Plot your course lines on the chart during the trip planning stage, so all you have to do on the water is glance at the chart for your heading.  Using a straight edge, draw a line from your starting point, or several lines if course changes are necessary, then use a parallel ruler to step over to the compass rose and read the course direction off the inner rose (mag north).  Label the course line and you’re all set.  You can also tick off nautical miles along the course line, using a pair of dividers, so you know the distance.  One nautical mile = one minute of latitude (NOT longitude).  It also is equal to 1.15 statute miles.

Course line plotted from Pt Sur to Hurricane Pt. Course is 340 (NNW). Nautical miles are ticked off; total distance 3 miles.

Course line plotted from Pt Sur to Hurricane Pt. Course is 340 (NNW). Nautical miles are ticked off; total distance 3 miles.

With the course line(s) plotted, your chart has the information you’ll need to navigate using a compass.

Course line was plotted using a parallel rule to determine the direction from the compass rose. Distance can be ticked off with a pair of dividers.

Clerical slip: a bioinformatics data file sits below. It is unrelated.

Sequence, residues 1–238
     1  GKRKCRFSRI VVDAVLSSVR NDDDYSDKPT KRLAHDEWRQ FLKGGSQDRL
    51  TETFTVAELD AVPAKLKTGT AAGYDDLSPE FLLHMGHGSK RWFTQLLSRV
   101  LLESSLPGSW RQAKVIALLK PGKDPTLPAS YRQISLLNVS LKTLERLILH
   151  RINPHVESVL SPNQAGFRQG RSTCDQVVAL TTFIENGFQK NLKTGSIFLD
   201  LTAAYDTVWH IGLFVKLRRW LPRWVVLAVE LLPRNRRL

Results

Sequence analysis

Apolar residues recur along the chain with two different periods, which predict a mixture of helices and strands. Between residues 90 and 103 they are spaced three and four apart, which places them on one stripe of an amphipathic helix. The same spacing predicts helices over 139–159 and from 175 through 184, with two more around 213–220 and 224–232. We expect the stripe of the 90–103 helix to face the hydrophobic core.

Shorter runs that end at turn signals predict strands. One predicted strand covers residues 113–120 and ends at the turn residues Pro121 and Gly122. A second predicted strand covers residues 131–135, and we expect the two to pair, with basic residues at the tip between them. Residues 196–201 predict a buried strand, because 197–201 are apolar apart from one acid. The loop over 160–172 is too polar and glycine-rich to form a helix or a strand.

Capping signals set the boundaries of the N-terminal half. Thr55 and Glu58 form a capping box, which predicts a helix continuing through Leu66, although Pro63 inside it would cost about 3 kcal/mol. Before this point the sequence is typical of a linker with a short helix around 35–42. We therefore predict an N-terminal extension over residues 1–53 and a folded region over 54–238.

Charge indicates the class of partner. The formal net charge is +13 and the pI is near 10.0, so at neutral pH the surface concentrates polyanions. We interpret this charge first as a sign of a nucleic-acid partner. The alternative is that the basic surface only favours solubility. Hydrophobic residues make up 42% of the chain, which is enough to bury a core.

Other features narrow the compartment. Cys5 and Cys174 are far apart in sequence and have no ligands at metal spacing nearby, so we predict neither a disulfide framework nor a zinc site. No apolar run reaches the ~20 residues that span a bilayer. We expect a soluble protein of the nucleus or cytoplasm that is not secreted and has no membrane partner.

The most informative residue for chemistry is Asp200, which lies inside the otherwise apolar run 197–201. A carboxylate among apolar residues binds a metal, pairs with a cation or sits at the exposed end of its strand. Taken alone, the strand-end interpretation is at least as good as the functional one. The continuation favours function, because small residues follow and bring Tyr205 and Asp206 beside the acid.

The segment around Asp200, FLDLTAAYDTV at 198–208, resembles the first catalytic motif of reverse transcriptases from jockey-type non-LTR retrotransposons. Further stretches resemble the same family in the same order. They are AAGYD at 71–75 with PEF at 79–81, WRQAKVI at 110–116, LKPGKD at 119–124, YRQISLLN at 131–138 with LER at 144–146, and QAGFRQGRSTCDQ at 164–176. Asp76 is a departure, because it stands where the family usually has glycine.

Course line was plotted using a parallel rule to determine the direction from the compass rose. Distance can be ticked off with a pair of dividers.

Paddling Speed

You’ll need to know your paddling speed to help keep track of how much distance you’ve covered and to estimate how long it will take you to get to where you’re going.  You can easily figure out your paddling speed by timing yourself over a known distance.   Here’s the formula:

Speed In Knots = Distance (nautical miles) X 60 (min/hr) / Time (minutes)